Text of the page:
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Recycling in a Multi-Family High Rise Condo

June 22nd, 2011 · No Comments

Our building is 16 floors with 230 efficiency, one bedroom, two bedroom and three bedroom units. The laundry room on each floor is accessed through a room that includes the trash chute and two large recycling containers …one for paper and one for mixed  recyclables (jars, milk containers, cans etc.)   which are emptied daily.

Montgomery County’s Department of Environment Protection (DEP) provided large, colorful, durable posters explaining what can be recycled (a big “Yes”, with a check mark and easily understood photo)  and what can’t (a NO, an X,  and a photo) be recycled. The posters were placed near the recycling bins and  could not be missed. Nonetheless, foam “clamshell” boxes, dirty pizza boxes, wire coat hangers and other “no no” items are regularly placed in the bins. Are people over-zealous? Don’t read? Don’t care? Who knows?

Changing behavior is an on-going process. After about a year I thought maybe folks stopped seeing the posters … they were too familiar. So, I removed them and am storing them to use next year. In their place I put an 8 x 10 poster thanking people for recycling and reminding them of a few key items…like NO plastic bags, NO broken glass.  I started noticing more careful recycling. Not perfect, but a definite improvement…so now I’m changing the notice every few months…a fresh message.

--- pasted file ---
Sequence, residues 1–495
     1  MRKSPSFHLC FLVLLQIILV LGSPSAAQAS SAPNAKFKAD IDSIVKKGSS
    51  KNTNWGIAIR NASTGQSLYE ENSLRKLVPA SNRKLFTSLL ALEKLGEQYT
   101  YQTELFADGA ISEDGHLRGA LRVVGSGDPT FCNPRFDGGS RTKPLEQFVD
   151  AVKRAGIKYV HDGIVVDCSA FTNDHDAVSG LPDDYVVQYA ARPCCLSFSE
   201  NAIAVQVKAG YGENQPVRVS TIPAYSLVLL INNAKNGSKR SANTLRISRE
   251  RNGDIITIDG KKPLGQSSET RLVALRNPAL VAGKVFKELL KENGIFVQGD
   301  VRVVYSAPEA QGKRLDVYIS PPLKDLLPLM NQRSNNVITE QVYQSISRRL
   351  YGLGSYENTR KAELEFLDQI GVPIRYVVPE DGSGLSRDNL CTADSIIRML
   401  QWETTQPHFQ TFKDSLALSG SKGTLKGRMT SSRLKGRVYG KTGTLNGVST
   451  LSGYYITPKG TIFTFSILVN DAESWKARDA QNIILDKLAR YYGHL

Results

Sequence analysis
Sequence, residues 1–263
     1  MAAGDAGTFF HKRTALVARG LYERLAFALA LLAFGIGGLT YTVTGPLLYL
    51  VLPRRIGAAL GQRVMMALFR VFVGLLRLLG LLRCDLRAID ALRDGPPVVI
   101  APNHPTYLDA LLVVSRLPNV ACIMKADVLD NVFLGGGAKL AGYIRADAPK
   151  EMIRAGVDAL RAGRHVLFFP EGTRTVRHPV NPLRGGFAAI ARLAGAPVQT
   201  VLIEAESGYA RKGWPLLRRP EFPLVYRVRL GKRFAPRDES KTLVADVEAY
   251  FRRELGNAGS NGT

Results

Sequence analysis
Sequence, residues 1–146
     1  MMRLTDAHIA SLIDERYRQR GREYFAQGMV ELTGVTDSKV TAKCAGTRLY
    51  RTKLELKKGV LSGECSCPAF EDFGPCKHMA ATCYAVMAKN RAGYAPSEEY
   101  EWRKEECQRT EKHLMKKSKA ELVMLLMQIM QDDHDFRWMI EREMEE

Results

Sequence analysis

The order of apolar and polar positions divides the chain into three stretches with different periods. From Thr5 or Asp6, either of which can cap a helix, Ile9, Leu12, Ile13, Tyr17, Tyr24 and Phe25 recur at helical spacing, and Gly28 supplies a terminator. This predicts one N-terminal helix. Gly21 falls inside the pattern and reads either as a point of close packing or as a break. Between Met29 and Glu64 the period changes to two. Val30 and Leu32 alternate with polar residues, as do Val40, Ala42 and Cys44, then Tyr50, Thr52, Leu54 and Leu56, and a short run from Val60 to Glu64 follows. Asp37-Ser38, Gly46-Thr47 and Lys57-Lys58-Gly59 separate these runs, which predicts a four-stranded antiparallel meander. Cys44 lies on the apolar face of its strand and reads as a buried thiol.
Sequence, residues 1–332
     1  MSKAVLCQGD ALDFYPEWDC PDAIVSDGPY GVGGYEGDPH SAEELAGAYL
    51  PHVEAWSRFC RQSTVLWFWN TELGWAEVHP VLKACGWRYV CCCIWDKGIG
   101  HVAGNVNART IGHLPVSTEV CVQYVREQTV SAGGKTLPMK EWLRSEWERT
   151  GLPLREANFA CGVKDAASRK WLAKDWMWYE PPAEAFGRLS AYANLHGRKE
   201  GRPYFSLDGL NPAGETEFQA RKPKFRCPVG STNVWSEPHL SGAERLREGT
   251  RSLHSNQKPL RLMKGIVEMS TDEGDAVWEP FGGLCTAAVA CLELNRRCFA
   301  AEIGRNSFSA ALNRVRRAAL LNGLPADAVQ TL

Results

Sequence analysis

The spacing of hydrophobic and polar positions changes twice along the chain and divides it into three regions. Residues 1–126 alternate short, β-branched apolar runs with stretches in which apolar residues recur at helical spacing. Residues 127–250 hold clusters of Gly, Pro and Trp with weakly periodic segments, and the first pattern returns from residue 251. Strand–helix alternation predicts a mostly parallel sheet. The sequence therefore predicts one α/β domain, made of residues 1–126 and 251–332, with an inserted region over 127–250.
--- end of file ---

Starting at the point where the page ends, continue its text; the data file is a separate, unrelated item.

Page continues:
I organized a recycling workshop for our building, complete with gifts bins and door prizes. While only a dozen people attended, Lauren, who heads up our County’s recycling efforts, was in the lobby before the workshop, handing out bins and brochures. That helped improve things.

I contacted our County’s recycling office to see if there’s any way to track our progress…or lack thereof and was told our building has actually doubled our recycling over the last three years! Lauren told me of a 130 unit rental apartment complex that’s tripled their recycling over that period of time. With that reduction in the trash volume, the management was able to renegotiate its trash collection contract saving more than $600 a month. My goal is to make that the goal of our residents and management company. The savings would offset the 8.5% increase in water/sewer fees that starts next month.

The savings comes about because dumping fees are $56 a ton, but there’s no charge for recyclables.  And, the trash collection companies can sell a lot of that stuff (such as scrap metal and paper).

Since about 40% of our building is rental there’s a lot of turnover. To help increase our recycling rate I’m going to provide each new resident with an apartment sized recycling bin (provided by our County government) along with the County’s descriptive  brochure about how to recycle correctly.

One of my recycling frustrations, having moved from a house to an apartment just over three years ago, is the loss of my composting opportunities.  Since residents of our building haven’t perfected their recycling sorting I am sure they’d never get proper composting techniques.  Sure there are apartment solutions (worms, electric hog composters, chemicals…) but I’m not eager to do that in my unit. So, when I visit my son, I deliver a bag of the day’s peelings and coffee grinds along with the occasional baked goods and gifts for the grandchildren.

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Tags: Energy